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We rounded things off with a lovely pub lunch with Richard, @dougmcneall and one other who despite our encouragement is still shying away from social media :-)

The Virgin Cross-country train (direct from Leeds) is not the most comfortable way to travel ("airline" seats seems a bit of poetic license), but it did get the job done. The grim north is not so remote after all! Now we’ve got a month at home to do some work, before the next set of trips kicks off.

Saturday, February 21, 2015

[jules' pics] The pitter patter of tiny feet

Well.. it's more like... things that go bump in the night

This is Riley, and he's up for adoption. We are fostering him for Bentham Pet Rescue. Apparently it is much better for homeless cats to stay in people's homes than at a cattery. He's been at the rescue since October and it is hard to imagine why he hasn't found a home as he is as big and furry a cat as you could hope for. He also plays games, demands to be stroked by head butting, and purrs whenever you go near him. He talks quite a lot and comes when called, and hasn't even broken any of our belongings yet. Having only been in the house only 24 hours, he still seems a little lost, wondering what is going to happen next. We are at home for quite a bit of the day, so we are hoping he will adjust to being a bit less nocturnal. 



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Posted By Blogger to jules' pics at 2/21/2015 04:45:00 PM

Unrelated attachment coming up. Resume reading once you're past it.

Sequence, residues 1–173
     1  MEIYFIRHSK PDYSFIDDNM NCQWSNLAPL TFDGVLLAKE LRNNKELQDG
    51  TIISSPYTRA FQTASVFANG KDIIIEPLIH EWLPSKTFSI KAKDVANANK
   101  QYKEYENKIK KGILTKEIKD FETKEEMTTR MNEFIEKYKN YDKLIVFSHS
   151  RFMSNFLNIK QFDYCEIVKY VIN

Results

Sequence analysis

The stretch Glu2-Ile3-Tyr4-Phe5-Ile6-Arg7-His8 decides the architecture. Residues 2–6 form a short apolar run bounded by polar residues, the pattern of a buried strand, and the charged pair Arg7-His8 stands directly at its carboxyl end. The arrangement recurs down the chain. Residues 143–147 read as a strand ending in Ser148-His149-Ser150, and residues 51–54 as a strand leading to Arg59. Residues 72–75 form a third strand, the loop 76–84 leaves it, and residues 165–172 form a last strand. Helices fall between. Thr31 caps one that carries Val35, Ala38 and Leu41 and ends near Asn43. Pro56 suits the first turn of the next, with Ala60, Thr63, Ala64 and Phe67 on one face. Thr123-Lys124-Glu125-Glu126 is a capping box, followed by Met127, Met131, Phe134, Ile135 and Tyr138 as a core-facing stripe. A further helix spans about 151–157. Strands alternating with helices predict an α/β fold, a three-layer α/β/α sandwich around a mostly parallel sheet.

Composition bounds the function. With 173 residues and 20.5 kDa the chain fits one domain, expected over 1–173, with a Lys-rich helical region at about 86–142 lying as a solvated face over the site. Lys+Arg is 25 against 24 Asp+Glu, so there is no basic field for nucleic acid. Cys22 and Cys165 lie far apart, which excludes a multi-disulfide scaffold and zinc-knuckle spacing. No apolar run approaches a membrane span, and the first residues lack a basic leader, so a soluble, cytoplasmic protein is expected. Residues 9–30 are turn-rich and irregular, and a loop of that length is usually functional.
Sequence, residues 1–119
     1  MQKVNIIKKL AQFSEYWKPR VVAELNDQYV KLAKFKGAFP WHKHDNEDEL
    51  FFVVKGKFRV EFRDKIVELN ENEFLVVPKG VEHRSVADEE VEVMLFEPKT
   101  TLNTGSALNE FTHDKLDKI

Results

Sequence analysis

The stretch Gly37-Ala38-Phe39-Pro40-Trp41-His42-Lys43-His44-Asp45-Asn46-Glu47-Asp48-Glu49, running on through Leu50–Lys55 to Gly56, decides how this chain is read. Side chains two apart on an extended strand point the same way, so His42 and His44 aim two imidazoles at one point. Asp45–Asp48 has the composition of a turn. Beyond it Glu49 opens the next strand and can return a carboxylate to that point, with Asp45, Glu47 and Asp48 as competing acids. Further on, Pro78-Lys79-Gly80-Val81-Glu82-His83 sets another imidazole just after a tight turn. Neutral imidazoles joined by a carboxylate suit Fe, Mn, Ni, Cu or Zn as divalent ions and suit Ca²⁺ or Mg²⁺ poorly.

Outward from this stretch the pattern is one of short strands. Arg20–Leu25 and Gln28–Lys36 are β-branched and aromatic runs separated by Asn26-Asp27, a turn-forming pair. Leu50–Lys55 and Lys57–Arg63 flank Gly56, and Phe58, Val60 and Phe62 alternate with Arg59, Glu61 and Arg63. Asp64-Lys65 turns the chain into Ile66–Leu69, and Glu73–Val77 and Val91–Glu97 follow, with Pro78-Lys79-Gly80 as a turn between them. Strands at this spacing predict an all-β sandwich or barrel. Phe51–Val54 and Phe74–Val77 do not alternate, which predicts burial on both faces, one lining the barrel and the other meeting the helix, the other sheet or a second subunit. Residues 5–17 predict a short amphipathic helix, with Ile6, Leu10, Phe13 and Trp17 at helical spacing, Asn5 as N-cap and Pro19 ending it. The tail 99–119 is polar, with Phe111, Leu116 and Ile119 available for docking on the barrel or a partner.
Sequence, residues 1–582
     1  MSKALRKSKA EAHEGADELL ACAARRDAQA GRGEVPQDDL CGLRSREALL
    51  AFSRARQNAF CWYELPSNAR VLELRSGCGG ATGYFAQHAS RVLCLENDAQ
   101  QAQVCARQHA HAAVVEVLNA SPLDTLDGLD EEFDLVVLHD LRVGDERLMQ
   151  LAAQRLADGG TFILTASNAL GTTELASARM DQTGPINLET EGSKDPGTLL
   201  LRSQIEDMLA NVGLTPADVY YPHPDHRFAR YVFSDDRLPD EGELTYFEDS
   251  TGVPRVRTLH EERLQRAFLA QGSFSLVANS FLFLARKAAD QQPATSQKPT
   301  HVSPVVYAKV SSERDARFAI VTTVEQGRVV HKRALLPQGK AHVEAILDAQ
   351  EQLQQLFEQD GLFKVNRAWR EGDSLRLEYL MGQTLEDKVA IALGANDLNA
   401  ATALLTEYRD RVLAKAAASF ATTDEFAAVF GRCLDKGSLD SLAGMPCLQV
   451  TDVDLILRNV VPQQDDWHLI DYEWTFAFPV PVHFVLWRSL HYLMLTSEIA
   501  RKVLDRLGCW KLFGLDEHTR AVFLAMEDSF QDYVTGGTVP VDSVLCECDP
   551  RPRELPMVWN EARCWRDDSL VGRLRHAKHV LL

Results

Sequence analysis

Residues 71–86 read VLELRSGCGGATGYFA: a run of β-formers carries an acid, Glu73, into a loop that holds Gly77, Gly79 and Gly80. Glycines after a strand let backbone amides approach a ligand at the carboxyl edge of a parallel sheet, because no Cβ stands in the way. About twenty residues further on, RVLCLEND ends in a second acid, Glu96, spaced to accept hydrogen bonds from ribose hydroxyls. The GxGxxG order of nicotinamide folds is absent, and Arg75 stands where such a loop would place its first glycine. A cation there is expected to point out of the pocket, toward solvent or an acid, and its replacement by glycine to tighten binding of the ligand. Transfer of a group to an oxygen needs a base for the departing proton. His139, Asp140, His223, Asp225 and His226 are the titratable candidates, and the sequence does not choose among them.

Tuesday, February 17, 2015

One for the penguin lovers

I'm not sure if either of my readers is interested in spending a(nother!) season in a primitive hut with only penguins for company (slight exaggeration, reports indicate it's more Shinjuku station than Scott of the Antarctic), but if not you can always play “guess the relative” with the photos in the job advert instead :-)

Monday, February 16, 2015

BlueSkiesResearch.org.uk: From the sublime to the ridiculous…and back again





Just had two weeks in Japan, mostly visiting our friends and colleagues in AORI and NIES. These institutes are both some way outside Tokyo but on the same train line out of Tokyo, so we stayed in Asakusa, close by the famous Senso-ji temple
Japan-8and very convenient for seeing various other friends and enjoying all of Tokyo’s attractions.
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Japan-22Not ignoring Hinode, which strange as it may seem, is also well within Tokyo’s boundaries!